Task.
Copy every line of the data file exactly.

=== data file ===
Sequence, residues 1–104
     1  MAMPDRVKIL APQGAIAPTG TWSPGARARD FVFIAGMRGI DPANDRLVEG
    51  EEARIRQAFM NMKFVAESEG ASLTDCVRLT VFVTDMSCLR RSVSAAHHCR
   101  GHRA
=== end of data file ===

Sequence, residues 1–104
     1  MAMPDRVKIL APQGAIAPTG TWSPGARARD FVFIAGMRGI DPANDRLVEG
    51  EEARIRQAFM NMKFVAESEG ASLTDCVRLT VFVTDMSCLR RSVSAAHHCR
   101  GHRA